In November, a Franklin County woman was sentenced to 18 years in jail for a drunk driving accident that killed three people in 2013, NBC4 reported. The perpetrator of the crash, Melissa Ann Robins, 34, plead guilty to three counts of aggravated vehicular homicide and four counts of vehicular assault. If you were injured or lost a loved one in a car accident involving a drunk driver contact a Columbus car accident attorney today
On September 17, 2013, Robins was travelling south on Route 62 when her car drifted into oncoming, northbound traffic and hit another vehicle head on. The car was occupied by a husband, wife and three of their children. The couple’s nine-year-old daughter died from her injuries at a nearby children’s hospital. Two of the passengers travelling with Robins died at the scent. The indictment stated that Robins had a blood alcohol content, BAC, of .104 at the time of the crash. The legal BAC limit in Ohio is .08.
Wrongful Death Suits in Ohio
In cases where the driver can be found negligent for the death of a person in an accident, a wrongful death suit can be filed by the deceased party’s estate. Only certain family members can seek damages in a wrongful death case. This includes the victim’s spouse, children and parents. The victim’s family has a two year statute of limitations to file a wrongful death in Ohio but after that their case will not be heard in court.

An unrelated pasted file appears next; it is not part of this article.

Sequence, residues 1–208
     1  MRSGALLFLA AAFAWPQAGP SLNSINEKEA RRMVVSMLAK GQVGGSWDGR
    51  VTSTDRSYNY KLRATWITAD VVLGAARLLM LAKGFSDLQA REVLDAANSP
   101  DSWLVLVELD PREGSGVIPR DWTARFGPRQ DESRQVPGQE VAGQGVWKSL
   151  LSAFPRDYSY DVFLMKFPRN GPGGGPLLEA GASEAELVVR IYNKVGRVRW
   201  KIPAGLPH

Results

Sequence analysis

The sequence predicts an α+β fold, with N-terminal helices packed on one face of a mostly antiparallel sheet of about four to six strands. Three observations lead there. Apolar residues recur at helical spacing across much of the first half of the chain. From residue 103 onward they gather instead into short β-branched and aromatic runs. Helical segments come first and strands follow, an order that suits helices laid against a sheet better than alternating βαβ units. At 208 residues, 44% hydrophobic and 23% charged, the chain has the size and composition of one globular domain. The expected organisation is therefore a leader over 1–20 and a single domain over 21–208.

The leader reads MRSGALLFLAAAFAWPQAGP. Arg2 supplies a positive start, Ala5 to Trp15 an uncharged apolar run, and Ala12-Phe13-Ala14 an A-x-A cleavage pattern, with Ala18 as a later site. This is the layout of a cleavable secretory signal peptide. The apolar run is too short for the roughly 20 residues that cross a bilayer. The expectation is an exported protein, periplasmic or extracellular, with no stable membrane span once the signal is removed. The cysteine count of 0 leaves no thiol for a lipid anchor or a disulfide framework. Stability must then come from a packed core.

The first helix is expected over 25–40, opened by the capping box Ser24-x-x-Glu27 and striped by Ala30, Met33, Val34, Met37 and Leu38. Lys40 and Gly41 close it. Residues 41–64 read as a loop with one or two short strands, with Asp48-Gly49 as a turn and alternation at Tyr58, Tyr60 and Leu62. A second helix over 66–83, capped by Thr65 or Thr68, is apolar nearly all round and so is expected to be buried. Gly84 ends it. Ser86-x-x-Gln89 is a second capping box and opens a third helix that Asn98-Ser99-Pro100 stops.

There are also a variety of damages the victim’s family can seek in a wrongful death case. Such damages include:
- Medical and funeral expenses;
- Compensation for potential earnings the deceased person potentially could have made had they lived;
- Loss of the deceased services like house work and childcare;
- Pain and suffering the death caused the family; and
- Loss of possible inheritance the deceased may have received if the victim had lived.
In Ohio, the jury has the right to award damages proportional to the injuries and loss suffered by the beneficiaries of the suit. The jury considers whether or not the beneficiaries were dependent on the deceased for support. This would mean that non-working spouses and children would probably see more money than parents, unless the deceased was the parents’ primary caregiver and supporter. The courts also consider how much the deceased earned and how long he or she would have been expected to keep working. The damages awarded can cover the costs between the accident and the death but also costs suffered after the victim dies on behalf of the family.
Contact a Columbus Car Accident Attorney Today
If you were injured or lost a loved one in a car accident in Columbus or Toledo, Ohio, the Ohio Car Accident Lawyers is here to help you get through it. Whether you require assistance negotiating with insurance companies, litigating against other drivers or just general legal consultation on personal injury matters, because time is of the essence, we encourage you to take charge now by calling us today.